1 Media Lab, Department of Media,Aalto University, Finland (firstname.lastname@example.org)
2 School of Arts, Design and Architecture, Aalto University, Finland (email@example.com)
As the number of Living Labs has grown to the hundreds, 1 there are almost as many definitions for what the concept Living Lab means (Almirall, 2008; Følstad, 2008; Orava, 2009). Central to the "ideal" concept of Living Lab is the opportunity to develop a more proactive role for users and user communities in driving developments and to do it in open ways 2 We consider this definition by Feurstein et al. as fairly representative of many current initiatives:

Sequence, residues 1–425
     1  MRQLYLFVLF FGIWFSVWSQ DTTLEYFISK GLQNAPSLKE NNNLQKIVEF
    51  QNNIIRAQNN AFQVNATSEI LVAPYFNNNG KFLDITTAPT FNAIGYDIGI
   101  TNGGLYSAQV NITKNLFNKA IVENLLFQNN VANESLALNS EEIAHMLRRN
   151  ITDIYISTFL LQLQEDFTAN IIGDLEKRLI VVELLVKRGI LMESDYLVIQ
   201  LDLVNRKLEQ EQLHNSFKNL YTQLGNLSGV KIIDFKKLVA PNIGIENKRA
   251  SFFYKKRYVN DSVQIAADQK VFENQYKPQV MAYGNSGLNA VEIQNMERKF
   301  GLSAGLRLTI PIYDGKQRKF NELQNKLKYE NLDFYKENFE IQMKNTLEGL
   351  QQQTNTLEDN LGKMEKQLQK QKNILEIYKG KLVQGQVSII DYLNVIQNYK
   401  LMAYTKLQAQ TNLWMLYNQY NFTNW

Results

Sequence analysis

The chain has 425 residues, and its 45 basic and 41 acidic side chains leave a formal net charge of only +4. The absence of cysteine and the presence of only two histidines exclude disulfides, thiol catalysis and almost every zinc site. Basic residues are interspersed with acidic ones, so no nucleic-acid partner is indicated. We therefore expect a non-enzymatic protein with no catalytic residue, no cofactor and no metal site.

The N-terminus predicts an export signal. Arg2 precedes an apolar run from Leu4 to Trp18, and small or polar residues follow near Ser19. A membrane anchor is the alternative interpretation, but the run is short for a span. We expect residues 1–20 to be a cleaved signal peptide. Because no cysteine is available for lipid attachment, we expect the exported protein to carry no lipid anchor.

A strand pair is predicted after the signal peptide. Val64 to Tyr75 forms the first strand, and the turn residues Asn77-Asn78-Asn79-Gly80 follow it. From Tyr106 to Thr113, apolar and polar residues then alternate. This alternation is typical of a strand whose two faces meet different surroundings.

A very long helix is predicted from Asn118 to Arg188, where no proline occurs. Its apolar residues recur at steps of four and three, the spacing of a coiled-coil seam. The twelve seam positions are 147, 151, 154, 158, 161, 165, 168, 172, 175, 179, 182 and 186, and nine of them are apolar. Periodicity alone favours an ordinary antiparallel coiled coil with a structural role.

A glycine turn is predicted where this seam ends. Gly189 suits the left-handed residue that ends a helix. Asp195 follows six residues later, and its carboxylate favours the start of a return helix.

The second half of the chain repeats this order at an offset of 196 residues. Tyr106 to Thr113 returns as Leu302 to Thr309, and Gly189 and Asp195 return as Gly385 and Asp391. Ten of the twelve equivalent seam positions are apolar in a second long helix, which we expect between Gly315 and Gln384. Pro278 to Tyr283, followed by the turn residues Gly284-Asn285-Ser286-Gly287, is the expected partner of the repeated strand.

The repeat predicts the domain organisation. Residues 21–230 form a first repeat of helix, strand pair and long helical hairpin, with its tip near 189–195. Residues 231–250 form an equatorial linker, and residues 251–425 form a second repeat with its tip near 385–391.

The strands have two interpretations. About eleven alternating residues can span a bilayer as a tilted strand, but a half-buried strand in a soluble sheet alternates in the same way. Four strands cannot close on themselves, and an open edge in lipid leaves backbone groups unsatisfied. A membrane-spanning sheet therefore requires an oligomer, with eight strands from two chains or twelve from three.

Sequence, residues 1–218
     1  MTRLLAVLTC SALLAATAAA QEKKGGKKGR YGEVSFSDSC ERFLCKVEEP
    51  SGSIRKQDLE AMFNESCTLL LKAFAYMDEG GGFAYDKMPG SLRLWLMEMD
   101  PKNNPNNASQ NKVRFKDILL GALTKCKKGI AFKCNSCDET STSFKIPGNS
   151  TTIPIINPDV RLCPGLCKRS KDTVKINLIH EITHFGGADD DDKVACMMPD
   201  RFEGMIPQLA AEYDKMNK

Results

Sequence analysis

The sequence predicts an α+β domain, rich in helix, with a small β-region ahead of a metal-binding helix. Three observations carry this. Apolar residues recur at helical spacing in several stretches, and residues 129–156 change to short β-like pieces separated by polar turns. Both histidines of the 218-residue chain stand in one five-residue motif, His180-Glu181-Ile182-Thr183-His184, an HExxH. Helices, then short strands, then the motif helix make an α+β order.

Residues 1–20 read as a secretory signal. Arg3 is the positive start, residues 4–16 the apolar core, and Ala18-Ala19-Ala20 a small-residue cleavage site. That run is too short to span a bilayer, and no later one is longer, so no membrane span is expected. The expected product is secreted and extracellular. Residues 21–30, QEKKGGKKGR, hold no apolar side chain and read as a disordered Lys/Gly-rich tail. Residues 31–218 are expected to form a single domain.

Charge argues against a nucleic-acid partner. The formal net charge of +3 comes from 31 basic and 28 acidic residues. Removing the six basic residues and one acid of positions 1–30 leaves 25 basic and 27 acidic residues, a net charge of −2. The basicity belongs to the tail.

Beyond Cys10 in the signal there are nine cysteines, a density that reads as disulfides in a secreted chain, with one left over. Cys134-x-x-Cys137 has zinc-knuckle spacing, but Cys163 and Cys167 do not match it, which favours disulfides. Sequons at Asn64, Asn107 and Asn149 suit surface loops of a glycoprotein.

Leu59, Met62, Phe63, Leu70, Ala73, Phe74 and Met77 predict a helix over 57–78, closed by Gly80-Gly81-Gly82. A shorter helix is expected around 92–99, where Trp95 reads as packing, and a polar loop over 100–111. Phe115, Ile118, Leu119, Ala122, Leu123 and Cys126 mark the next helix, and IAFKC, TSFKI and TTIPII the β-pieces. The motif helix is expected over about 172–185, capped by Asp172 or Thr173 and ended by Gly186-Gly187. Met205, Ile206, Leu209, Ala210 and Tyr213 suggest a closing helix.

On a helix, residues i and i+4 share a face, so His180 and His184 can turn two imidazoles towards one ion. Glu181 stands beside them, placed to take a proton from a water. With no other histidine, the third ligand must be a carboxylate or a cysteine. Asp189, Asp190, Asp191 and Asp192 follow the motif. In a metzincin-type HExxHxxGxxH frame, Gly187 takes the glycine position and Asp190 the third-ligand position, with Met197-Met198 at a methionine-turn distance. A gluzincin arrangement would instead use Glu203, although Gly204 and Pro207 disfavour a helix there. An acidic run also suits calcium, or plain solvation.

"[Living Lab] is a systemic innovation approach in which all stakeholders in a product, service or application participate directly in the development process. It refers to a research and development (R&D) methodology in which innovations are created and validated collaboratively in multi-contextual, empirical real-world environments." (Feurstein, Hesmer, Hribernik, Thoben, & Schumacher, 2008)
However, based on our experience, both the "ideal" of Living lab as well as the theoretical descriptions represent exactly that: an ideal that has not yet been realized in practice.
To proceed towards the ideal, we believe it would be beneficial for those involved in Living Lab activities to make a clearer distinction between user involvement and user driven innovation. This would make it possible to develop approaches to further both of these activities better. In addition, there seems to be a conflict between two meanings of open innovation that we believe Living Labs need to address consistently.